CNE1 and CNE2z cells (1×106/ml; obtained from the department of ENT, Huai'an First People's Hospital) were cultured in RPMI-1640 (Gibco-BRL, Carlsbad, CA, USA) containing 10% heat-inactivated fetal bovine serum (Gibco-BRL), 100 IU penicillin/ml (Gibco-BRL) and 0.1 mg streptomycin/ml (Gibco-BRL) in a humidified 5% (v/v) atmosphere of CO2 at 37°C. The cells were transfected with Lipofectamine 2000 (Invitrogen Life Technologies, Carlsbad, CA, USA), according to the manufacturer's instructions. Briefly, the cells were seeded (1×106) to 90% confluence at transfection, and 4 μl of Lipofectamine 2000 were diluted in 250 μl Opti-Minimal Essential Medium (MEM; Invitrogen Life Technologies). miR23b mimics, miR23b control, anti-sense oligonucleotides (ASO) miR23b, and ASO control (2 μg of each; Guangzhou RiboBio Co., Ltd., Guangzhou, China) were then diluted in 250 μl Opti-MEM, and the diluted DNA was further diluted with Lipofectamine 2000 (1:1 ratio). The solution was incubated for 5 min at room temperature, and the DNA-lipid complex was added to the cells.

Reverse transcription-quantitative polymerase chain reaction (RT-qPCR)

To detect the relative level of transcription, RT-qPCR was performed. Briefly, cDNA was generated through reverse transcription using M-MLV reverse transcriptase (Promega Corporation, Madison, WI, USA) with 2 μg large RNA extracted from the cells. Total RNA was separated into large and small RNAs, which were isolated using the mirVana miRNA Isolation kit (Invitrogen Life Technologies). cDNA (1 μg) was used for the amplification of E-cadherin and β-actin, which was used as an endogenous control for the PCR reaction. PCR was performed under the following conditions: 94°C for 4 min followed by 40 cycles of 94°C for 1 min, 56°C for 1 min, 72°C for 1 min, using an iQ5 Real-Time PCR detection system (Bio-Rad Laboratories, Inc., Hercules, CA, USA). The relative fold-change in the transcripts was calculated with the 2−ΔΔCt method (39). The primers used were as follows: E-cadherin forward, 5′-CAATCTCAAGCTCATGG-3′, and reverse, 5′-CCATTCGTTCAAGTAGTC-3′; β-actin forward, 5′-ATGCCAACACAGTGCTGTCTGG-3′, and reverse, 5′-TACTCCTGCTTGCTGATCCACAT-3′; miR-23b forward, 5′-CGCGGCCGCTAGTATTATGTT-3′, and reverse, 5′-CACATTTTAAAAAACATA-3′; and U6 forward, 5′-TGCGGGTGCTCGCTTCGGCAGC-3′, and reverse, 5′-CCAGTGCAGGGTCCGAGGT-3′.

Western blotting

Cultured cells were lysed in radioimmuno-precipitation assay buffer (containing 0.1% SDS, 1% Triton X-100, 1 mM MgCl2 and 10 mM Tris-HCl; pH 7.4; Invitrogen Life Technologies) at 4°C for 25 min. The lysates were collected and cleared by centrifugation at 10,000 × g for 10 min, and protein concentration was determined. Briefly, total cell lysates (50 μg) were fractionated by 10% SDS-PAGE. Proteins were electroblotted onto nitrocellulose membranes (Bio-Rad Laboratories, Inc.). Nonspecific binding sites of membranes were saturated with 5% skimmed milk in Tris-buffered saline with Tween-20 solution (TBST; 100 mmol/l Tris-Cl, pH 7.5; 150 mmol/l NaCl and 0.1% Tween-20) and incubated for 2 h with antibodies at room temperature. The following antibodies were used: Monoclonal mouse anti-human E-cadherin (1:100; cat. no. ab1416; Abcam, Cambridge, UK) and monoclonal mouse anti-human GAPDH (1:1,000; cat. no. ab8245; Abcam). After four washes with TBST, the filters were incubated with polyclonal goat anti-mouse peroxidase-conjugated secondary antibody (Sigma-Aldrich, Carlsbad, CA, USA) in 5% skimmed milk in TBST solution for 1 h at room temperature. Reactions were developed using enhanced chemiluminiscence (Perkin Elmer, Waltham, MA, USA).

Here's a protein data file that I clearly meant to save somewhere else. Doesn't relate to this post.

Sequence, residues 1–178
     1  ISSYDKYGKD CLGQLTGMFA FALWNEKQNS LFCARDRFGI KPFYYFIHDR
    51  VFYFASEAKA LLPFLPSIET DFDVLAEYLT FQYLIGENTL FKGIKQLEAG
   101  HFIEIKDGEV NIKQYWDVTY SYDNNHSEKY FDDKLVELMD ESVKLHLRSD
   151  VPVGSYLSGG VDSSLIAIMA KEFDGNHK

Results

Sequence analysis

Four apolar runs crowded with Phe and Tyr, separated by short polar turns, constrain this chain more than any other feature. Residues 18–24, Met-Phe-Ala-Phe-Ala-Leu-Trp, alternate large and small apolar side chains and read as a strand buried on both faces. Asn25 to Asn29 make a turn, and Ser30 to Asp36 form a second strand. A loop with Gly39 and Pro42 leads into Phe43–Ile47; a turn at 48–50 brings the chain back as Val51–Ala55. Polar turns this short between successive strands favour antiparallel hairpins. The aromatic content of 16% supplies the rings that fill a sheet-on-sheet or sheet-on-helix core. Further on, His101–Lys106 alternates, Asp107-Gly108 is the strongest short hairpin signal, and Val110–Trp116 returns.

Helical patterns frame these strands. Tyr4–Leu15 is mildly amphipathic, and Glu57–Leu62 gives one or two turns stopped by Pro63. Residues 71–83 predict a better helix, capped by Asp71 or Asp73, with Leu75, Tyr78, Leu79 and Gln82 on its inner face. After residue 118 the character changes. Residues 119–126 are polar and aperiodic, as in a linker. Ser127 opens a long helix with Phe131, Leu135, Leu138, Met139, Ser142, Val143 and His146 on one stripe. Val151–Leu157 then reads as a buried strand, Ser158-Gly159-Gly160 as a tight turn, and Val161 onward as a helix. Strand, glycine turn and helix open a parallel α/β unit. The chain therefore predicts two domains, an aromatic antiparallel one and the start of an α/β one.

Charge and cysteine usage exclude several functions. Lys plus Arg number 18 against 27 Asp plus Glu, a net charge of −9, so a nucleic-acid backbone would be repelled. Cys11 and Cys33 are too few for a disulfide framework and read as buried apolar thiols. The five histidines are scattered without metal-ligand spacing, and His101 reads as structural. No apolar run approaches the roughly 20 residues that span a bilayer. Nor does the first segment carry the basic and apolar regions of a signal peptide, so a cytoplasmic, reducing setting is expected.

Cell proliferation assay

CNE1 cells were seeded in a 96-well plate at 8,000 cells per well the day prior to transfection. The cells were transfected with 0.2 μg/well miR-23b, anti-miR-23b or control vector (Gene Pharma, Shanghai, China). An MTT assay was used to measure the number of viable, proliferating cells at 12, 24 and 48 h after transfection. The absorbance at 570 nm was measured using a μQuant Universal Microplate spectrophotometer (Bio-Tek Instruments Inc., Winooski, VT, USA).

Colony formation assay

After transfection, CNE1 cells were counted and seeded in 6-well plates (in triplicate) at 50, 60 and 75 cells per well. Fresh culture medium was provided every three days. Colonies were counted only if they contained >50 cells, and the number of colonies was counted from the 6th day after seeding and then the cells were stained using crystal violet (Beyotime Institute of Biotechnology, Shanghai, China). The rate of colony formation was calculated with the equation: Colony formation rate = (number of colonies/number of seeded cells) × 100.

Transwell assay

CNE1 cells (2×105) were transiently transfected with or without anti-miR-23b. Posttransfection (48 h), 1.5×105 cells were resuspended in 300 μl serum free medium and seeded to the transwell of uncoated polycarbonate membranes with 8.0 μm pores (BD Biosciences, Franklin Lakes, NJ, USA) with the bottom supplemented with 800 μl complete medium (Gibco-BRL). After 20 h incubation, cells that had migrated to the other side of the Transwell chamber were stained with 0.005% crystal violet. Ten images were randomly captured using an IX71 microscope (Olympus Corporation, Tokyo, Japan) and the cells were counted.

Enhanced green fluorescent protein (EGFP) reporter assay